Former Alaska Gov. Sarah Palin (R) will make a two-day visit to Israel this weekend, according to multiple media reports Thursday.
During her visit, the potential 2012 presidential candidate will meet with Israeli Prime Minister Benjamin Netanyahu and tour holy sites such as the Western Wall and the city of Nazareth. Palin is expected to arrive in the Jewish state late Sunday with her husband Todd and stay until Tuesday, Agence France-Presse reported.
Other potential GOP presidential candidates have already visited Israel in the new year; it has traditionally been a stopping point for U.S. political bigwigs from both parties due to the robust alliance between the two nations.
Former Massachusetts Gov. Mitt Romney (R) visited Israel in January and former Arkansas Gov. Mike Huckabee (R) made his 15th trip there last month. Mississippi Gov. Haley Barbour (R) traveled there as well.
President Obama's potential campaign opponents have tried to outflank him on Israel, arguing he has not been a strong enough supporter of the Jewish state.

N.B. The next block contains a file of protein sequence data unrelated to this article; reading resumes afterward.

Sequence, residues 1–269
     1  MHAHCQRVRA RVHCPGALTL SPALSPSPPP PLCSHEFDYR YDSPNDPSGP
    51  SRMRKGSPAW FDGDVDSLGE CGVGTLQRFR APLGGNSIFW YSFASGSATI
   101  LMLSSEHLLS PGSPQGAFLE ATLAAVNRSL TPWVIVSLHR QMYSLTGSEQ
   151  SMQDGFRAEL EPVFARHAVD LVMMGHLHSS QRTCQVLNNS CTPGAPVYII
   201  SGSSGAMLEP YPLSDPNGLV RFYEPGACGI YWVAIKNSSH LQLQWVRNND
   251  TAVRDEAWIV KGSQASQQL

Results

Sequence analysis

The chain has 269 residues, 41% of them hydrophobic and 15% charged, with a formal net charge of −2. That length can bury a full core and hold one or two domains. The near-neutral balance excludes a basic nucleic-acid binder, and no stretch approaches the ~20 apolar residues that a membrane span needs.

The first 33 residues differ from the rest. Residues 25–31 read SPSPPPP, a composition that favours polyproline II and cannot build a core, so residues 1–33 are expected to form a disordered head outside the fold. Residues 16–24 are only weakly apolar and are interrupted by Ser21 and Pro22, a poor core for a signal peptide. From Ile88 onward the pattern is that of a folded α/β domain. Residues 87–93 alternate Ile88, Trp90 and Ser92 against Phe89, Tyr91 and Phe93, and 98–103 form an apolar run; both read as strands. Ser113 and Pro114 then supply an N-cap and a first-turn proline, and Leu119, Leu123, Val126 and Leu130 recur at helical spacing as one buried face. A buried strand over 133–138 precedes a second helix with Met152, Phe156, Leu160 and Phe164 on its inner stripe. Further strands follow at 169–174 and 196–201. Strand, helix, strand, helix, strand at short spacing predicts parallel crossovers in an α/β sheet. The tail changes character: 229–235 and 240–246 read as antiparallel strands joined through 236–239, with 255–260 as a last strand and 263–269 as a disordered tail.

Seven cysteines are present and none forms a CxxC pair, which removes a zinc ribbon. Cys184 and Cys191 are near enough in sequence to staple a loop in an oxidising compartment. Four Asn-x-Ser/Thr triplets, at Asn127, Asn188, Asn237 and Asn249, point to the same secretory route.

Palin's first foreign trip of the new year will come on Saturday, when she speaks at a conference in India.
Palin has been known as a strong supporter of Israel ever since she entered the national political arena. The Jerusalem Post noted she criticized Obama's handling of a recent Palestinian terror attack in the West Bank in a Facebook note on Tuesday.
"As Israel makes concessions (and is still criticized by the Obama Administration), Arab leaders are just sitting back waiting for the White House to further pressure Israel," she wrote. "The Obama Administration needs to open its eyes and recognize that it is only Iran and her terrorist allies that benefit from this manufactured Israeli controversy.
Media reports in December indicated Palin had opened discussions about a foreign trip in 2011, with Israel and Great Britain at the top of the list of potential destinations. Details of the overseas venture, including the dates and locations, however, were never finalized.
Palin turned down an invitation in February to speak at the Herzliya Conference, a highly-regarded national-security and policy gathering outside Tel Aviv.